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India and its Dutch History

Thanks to digitalization and procreation, the Dutch cultural sphere is now enriched by a vibrant Indian community. This connection, however, is far from new, as the Netherlands and India have a long history together that predates any computer development.

A look back in time

It was 150 years ago that the Dutch were the key players in trade during the early stages of European colonization when trading corporations were setting ships for the fertile Indian subcontinent. The Dutch East India Company, also known as the Verenigde Oost-Indische Compagnie (VOC), was their principal trade arm and the world’s first multinational corporation.

In 1602 the Dutch East India Company was founded to meet the increasing demands for Indian spices in Asia. VOC was such a success that the Dutch government granted it a trade monopoly for spice trading, primarily in the Dutch East Indies, now known as the Republic of Indonesia.

The firm was also the first to issue shares, which peaked during the Dutch “Tulip Mania,” a passion for tulip bulbs that is regarded as the world’s first major financial bubble. The VOC’s shares increased the company’s value to 78 million Dutch guilders.

Dutch traders made the most money on textiles and spices, and as they expanded their territory, they hired, transported, and dealt in labourers. That’s how an entire generation of Indians ended up in Suriname, then the Netherlands.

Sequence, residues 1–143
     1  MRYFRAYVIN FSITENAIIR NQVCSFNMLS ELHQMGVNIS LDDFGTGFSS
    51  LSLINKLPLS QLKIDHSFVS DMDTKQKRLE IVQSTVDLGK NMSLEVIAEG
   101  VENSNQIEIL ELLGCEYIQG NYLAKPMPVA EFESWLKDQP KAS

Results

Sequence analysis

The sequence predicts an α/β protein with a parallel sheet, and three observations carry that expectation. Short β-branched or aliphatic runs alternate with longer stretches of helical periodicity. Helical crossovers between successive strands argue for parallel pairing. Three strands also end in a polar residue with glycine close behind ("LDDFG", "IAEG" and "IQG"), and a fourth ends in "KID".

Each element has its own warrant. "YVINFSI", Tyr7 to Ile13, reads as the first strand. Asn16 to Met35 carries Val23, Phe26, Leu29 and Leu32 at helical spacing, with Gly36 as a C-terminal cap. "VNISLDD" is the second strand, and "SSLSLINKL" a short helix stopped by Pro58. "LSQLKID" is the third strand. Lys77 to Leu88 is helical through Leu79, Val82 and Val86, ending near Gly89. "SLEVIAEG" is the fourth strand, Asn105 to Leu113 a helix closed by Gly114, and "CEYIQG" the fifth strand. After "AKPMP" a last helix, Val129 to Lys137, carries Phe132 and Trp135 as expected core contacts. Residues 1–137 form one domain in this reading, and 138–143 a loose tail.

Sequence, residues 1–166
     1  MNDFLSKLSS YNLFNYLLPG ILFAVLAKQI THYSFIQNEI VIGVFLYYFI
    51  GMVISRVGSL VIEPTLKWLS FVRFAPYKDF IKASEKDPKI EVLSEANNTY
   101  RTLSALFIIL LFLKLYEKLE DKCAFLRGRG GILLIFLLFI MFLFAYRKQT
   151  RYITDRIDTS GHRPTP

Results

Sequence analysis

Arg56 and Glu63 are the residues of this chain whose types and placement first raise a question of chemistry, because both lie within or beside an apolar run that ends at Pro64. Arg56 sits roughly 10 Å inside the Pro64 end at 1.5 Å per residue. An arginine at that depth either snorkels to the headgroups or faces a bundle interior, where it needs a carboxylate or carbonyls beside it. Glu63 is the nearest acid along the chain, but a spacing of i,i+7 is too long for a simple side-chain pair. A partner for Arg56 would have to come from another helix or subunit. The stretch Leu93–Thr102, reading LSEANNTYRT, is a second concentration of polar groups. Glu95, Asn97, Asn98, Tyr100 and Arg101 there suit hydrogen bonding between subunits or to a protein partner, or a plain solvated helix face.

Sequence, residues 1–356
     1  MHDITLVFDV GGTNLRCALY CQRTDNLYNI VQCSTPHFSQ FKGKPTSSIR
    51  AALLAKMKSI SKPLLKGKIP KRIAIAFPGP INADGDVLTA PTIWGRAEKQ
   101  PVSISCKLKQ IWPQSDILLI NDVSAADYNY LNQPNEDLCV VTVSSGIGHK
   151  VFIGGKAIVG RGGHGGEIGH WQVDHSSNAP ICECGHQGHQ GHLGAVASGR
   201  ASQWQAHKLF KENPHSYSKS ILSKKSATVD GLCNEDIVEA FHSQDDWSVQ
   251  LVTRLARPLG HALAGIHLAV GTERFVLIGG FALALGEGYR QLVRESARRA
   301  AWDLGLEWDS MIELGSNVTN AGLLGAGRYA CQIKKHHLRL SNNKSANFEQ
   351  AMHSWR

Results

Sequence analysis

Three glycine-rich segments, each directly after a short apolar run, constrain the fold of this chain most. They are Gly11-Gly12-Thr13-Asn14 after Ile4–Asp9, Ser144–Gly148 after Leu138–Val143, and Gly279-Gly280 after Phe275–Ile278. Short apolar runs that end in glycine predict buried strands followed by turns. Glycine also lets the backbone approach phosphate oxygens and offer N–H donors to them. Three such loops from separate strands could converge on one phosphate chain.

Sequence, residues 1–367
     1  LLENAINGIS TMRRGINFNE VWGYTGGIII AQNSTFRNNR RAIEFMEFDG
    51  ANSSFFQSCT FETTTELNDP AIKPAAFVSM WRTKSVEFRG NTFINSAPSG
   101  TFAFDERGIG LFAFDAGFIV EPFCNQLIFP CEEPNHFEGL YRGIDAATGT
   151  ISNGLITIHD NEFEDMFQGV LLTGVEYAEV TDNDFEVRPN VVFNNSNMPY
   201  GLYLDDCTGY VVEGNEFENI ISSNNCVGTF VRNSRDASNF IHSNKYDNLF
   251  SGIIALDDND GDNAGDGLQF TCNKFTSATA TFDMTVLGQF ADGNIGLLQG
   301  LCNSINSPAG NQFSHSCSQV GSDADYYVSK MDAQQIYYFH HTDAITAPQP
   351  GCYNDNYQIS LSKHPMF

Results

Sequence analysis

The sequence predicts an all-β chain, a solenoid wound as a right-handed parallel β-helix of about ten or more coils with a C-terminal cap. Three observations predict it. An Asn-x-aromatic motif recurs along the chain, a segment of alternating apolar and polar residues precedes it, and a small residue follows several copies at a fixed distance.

However, the good times did not last long. The Dutch East India Company began to deteriorate about the mid-eighteenth century. Many factors contributed to its collapse, many of which still bear lessons for mega-corporations today.

VOC was a publicly traded corporation that pays out significant dividends to its stockholders year after year. As a result, the company was unable to generate sufficient capital reserves to stay afloat. Another factor was employee corruption. Because they were stationed far away and had difficulty communicating, the employees gained a lot of money by engaging in private trade and passing on losses to the corporation. Political upheavals also had an impact on the company’s fortune.

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Today’s relationship between the Netherlands and India

India and the Netherlands now have significant political, economic, and commercial relationship, as well as a wide range of sectoral collaborations. Mutual high-level interactions have given momentum to India and Netherlands’ diverse relationships, allowing the two countries to strengthen and develop their burgeoning bilateral relationship. WAH (Water, Agriculture, and Health) are three foundations of bilateral ties.

The Netherlands was the fifth largest investor in India for FY 2020-21 with FDI inflows of USD 2.8 billion. And, the Netherlands was India’s 3rd largest trading partner in Europe in FY 2020-2021.

The Netherlands is also home to Europe’s largest Indian Diaspora, with a population of 2,00,000 Suriname-Hindustani Indians. Businessmen, knowledge workers, professionals, and students make up the majority of the approximately 48,000 NRIs/PIOs. In terms of the numbers of non-EU foreign students in the Netherlands, Indian students rank among the top three.

The never-ending love tale! While all of shared history and current trade relations are fascinating, Indians today are equally fascinated by the Dutch. 


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Image Credits : Unsplash